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Is Turn away someone and Turn someone away have the same meaning?

  • Yes, the two phrases mean essentially the same. I would use the first phrase if I were continuing the sentence (e.g., "He turned away the beggar from his door.") and the second if I were not continuing the sentence (e.g., "He turned the beggar away.") But that's just my personal preference. – tautophile Aug 2 '18 at 4:31
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turn away is defined as, according to Merriam Webster:

to refuse admittance or acceptance to

to send away : reject, dismiss

repel

deflect, avert

As for each individual form of the phrasal verb, they are synonymous with each other with no difference in terms of meaning. The only discrepancy between the two is how frequently used each of them are.

turn(ing) away someone does indeed exist, though not commonly used.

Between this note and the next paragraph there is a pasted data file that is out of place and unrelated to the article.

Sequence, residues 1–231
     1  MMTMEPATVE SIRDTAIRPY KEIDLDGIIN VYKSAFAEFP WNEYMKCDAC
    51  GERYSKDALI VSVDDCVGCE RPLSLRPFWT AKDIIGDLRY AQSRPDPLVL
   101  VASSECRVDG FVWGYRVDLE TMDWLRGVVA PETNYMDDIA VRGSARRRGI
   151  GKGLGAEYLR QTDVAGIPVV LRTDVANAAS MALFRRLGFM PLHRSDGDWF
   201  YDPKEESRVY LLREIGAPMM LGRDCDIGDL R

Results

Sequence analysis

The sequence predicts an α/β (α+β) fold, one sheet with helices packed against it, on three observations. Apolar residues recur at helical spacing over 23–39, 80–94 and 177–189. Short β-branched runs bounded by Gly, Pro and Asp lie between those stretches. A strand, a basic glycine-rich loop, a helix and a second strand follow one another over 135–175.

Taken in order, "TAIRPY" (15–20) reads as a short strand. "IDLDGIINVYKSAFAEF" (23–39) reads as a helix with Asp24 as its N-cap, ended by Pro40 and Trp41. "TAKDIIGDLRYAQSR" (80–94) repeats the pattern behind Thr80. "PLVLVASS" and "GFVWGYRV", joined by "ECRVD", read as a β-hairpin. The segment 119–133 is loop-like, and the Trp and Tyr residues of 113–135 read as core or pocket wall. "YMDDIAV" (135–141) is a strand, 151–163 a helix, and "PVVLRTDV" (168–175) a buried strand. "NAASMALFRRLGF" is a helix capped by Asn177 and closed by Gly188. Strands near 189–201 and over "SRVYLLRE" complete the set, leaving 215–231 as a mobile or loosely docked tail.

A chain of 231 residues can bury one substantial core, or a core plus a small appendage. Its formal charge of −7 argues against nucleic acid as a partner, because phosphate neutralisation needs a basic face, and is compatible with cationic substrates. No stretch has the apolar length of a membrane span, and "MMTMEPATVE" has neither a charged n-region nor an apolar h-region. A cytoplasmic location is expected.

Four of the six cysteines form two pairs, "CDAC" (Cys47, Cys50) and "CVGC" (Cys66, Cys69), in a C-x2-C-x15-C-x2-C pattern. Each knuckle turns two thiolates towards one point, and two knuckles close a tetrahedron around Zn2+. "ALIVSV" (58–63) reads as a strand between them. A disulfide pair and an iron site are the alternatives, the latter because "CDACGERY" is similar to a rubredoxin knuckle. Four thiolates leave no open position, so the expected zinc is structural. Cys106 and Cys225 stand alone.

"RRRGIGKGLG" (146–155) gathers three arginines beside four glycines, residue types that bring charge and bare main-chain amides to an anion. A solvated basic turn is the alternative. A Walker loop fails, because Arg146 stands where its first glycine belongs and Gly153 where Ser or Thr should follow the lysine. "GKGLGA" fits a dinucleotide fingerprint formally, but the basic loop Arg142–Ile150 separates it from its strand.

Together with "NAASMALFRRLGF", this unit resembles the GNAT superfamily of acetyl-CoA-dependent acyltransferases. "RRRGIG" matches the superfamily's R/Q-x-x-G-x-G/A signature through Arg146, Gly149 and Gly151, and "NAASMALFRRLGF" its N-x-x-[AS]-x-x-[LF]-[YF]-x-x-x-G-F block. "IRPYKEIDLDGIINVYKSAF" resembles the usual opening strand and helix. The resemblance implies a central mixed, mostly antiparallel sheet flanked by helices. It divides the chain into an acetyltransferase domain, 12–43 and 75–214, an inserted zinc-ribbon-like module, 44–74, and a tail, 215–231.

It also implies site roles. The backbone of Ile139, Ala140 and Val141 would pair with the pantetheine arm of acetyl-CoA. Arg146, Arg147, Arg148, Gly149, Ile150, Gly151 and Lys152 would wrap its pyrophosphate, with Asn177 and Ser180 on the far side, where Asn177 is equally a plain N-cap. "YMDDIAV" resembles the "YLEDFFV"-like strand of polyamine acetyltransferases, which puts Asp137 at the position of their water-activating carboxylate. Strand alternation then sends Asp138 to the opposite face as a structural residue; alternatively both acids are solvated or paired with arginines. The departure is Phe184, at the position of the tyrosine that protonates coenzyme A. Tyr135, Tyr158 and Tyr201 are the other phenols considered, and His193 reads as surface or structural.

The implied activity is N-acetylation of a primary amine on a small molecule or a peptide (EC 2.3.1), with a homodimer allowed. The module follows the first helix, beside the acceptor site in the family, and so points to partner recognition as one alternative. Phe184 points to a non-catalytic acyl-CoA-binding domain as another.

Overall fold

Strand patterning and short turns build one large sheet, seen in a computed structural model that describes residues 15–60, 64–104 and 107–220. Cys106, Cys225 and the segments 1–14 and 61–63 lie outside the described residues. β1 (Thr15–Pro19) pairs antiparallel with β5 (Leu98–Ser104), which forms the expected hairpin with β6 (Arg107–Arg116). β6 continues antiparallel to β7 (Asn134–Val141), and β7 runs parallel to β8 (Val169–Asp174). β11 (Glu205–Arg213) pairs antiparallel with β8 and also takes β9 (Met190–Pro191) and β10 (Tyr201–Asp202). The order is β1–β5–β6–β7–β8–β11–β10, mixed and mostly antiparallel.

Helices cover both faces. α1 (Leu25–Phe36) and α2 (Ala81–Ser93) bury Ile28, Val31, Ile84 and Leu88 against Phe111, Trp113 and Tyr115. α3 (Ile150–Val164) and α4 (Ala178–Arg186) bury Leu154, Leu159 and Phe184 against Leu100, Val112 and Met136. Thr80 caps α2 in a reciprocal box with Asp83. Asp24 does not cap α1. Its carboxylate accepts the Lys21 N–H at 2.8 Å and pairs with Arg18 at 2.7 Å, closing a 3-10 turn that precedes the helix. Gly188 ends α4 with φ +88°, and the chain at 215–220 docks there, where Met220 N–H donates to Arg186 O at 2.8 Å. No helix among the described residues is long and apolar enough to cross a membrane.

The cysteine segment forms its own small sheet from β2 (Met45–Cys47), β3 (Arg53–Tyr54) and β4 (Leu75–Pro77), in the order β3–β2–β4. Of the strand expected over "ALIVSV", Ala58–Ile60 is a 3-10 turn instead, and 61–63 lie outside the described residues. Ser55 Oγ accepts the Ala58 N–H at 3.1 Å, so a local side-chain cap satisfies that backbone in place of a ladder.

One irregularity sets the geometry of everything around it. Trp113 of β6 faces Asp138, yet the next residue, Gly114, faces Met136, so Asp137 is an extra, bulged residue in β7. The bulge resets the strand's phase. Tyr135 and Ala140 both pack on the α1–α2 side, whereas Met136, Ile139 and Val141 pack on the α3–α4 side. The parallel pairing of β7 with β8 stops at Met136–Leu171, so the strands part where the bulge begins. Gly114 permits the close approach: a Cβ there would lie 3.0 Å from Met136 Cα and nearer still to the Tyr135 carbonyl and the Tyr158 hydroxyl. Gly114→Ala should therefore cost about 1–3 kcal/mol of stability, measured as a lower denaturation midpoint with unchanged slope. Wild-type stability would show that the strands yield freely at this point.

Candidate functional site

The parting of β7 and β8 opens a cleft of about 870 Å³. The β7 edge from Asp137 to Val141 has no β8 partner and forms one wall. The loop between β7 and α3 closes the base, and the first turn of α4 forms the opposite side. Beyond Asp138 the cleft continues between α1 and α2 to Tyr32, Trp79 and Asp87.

Example from Merriam Webster:

using tree branches, the campers were able to turn away the charging fox, which was apparently rabid

Example from TheFreeDictionary.com:

Extremely high prices in the area have been turning away would-be homeowners.

turn(ing) someone away is much more widely used, and is what many native speakers prefer.

Example:

The hiking real estate prices turn people away.

Example, from Collins Dict.:

Turning refugees away would be an inhumane action.

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